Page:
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Nuclear-dominated Forum aims to weaken Europe’s nuclear safety standards


Prague, International — Greenpeace activists projected messages, including ‘Nuclear Undermines Climate Protection’ and ‘Energy [R]evolution Now!’, against the backdrop of the illuminated Prague Castle, drawing attention to the dangers of weakening European nuclear safety standards and the risk of seriously biased discussions in advance of today’s opening of the second meeting of the European Nuclear Energy Forum.

Largely away from public scrutiny, the Forum will consider a proposal to lower nuclear safety standards across Europe to those of the lowest level applied in any Member State. This could place a stranglehold on national authorities wishing to impose stricter standards. And by artificially lowering the costs of any future nuclear plants, lenient safety standards would help open the door for an expansion of nuclear power and expose the environment and public safety to greater nuclear risks.

Hosted by the Czech Prime Minister, and attended by senior European politicians and decision makers from the power sector, the Forum is proving to be a trade fair for the nuclear lobby. The Forum’s opening session offers a privileged position to the CEO of the French nuclear company AREVA to promote the supposedly cheaper and safer ‘European Pressurised Reactor’ (EPR). Greenpeace argues that placing faith in new nuclear reactors undermines energy security and the chances of successfully combating climate change.

The Forum was set up after EU Heads of State and Government in March 2007 endorsed a European Commission proposal “to organise a broad discussion among all relevant stakeholders on the opportunities and risks of nuclear energy”. However, Greenpeace and Friends of the Earth each with one seat in the Forum, are the sole attendees from civil society.

”We welcome an open and fair debate on nuclear energy. The arguments about cost, safety, energy security and tackling climate change are all in favour of clean energy options,” said Jan Beranek, nuclear energy campaigner from Greenpeace International. “What is happening here is a mockery of a supposedly open process. The nuclear industry is arguing for yet more financial support at the expense of safety, transparency and respect for public opinion,” he continued.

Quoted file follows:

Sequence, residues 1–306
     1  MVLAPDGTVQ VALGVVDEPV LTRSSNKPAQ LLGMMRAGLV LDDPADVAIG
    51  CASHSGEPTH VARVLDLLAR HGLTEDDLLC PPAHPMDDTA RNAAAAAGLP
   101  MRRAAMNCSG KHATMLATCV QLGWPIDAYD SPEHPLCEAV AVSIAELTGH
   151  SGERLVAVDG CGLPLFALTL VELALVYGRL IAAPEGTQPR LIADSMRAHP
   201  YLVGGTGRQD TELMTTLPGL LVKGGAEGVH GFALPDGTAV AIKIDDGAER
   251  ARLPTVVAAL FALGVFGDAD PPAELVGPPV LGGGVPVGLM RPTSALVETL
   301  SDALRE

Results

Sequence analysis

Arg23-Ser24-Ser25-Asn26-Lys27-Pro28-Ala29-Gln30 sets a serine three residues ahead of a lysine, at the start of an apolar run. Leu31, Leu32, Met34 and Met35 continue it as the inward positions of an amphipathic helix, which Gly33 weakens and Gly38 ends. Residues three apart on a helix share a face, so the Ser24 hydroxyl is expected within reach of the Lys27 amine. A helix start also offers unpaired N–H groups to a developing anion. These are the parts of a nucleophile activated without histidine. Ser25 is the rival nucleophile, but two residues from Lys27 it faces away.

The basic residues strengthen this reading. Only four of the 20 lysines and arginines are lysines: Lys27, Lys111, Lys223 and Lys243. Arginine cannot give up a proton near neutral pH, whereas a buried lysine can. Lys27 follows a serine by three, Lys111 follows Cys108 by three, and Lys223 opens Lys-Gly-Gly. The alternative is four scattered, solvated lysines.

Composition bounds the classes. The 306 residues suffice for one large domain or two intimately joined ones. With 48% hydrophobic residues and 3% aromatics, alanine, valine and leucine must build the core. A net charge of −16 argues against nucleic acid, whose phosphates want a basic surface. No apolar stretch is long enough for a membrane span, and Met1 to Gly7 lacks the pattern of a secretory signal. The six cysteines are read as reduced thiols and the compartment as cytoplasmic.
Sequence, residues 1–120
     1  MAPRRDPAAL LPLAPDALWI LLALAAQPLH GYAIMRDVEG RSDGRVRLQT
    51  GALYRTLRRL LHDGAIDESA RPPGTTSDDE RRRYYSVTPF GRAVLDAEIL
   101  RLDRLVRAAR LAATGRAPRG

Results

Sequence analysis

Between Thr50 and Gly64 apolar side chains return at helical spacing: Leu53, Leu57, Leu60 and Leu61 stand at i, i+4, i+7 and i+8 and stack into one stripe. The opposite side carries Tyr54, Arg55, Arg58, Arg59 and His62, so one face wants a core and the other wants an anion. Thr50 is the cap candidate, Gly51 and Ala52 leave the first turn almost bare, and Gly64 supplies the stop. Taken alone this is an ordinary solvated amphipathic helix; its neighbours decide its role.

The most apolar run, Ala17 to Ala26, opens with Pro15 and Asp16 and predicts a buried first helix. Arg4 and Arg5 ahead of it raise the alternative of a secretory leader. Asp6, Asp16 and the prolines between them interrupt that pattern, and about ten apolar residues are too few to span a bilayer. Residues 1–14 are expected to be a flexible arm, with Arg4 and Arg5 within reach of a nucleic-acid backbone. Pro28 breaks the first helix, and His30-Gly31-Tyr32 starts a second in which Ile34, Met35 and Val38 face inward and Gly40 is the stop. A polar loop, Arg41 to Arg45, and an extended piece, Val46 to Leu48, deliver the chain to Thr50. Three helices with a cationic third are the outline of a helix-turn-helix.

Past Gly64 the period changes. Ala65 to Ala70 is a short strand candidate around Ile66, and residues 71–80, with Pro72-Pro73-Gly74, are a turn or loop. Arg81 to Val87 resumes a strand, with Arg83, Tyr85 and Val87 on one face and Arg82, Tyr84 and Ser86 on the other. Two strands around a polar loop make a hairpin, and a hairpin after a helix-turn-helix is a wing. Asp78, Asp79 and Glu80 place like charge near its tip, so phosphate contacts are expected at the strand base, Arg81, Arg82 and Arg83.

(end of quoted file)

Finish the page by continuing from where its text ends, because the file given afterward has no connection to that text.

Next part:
A Eurobarometer survey of public opinion on energy technologies, published in 2007, found that only 20 percent of people in the European Union support the use of nuclear power(1). Proposals by the Forum are intended to feed into the development of European Union policy and possibly legislation. Since commencing in November 2007, the Forum has been moving towards softening safety standards and pushing nuclear acceptance.

At the same time, real world events have demonstrated that nuclear power remains as risky and controversial as ever. In Spain, information about a recent leak of radioactive material was kept secret. In Slovakia, construction work is under preparation on the Mochovce nuclear plant, which is based on a design from the 1970s and has no ‘containment’ procedures in place to deal with external impacts. In Finland and France, construction of the latest generation of French EPR reactors is showing up the serious lack of competence in the nuclear industry on issues as fundamental as pouring the concrete base for the reactors, poor welding and inadequate and sometimes non-existent quality control.

“It is time for politicians to stop listening to nuclear industry propaganda,” said Beranek. “Problems of safety, nuclear waste and soaring costs remain unsolved. Every Euro wasted on nuclear power is a Euro better invested in clean, renewable energy and energy savings. The world can ill afford to waste time ironing out the complexities of nuclear power when these simpler and safer energy options have long been proven to deliver quicker.”

High-level attendance at the Forum includes the Slovak Prime Minister, the EU Energy Commissioner, a variety of Czech and Slovak ministers and senior energy decision makers from the public and private sectors


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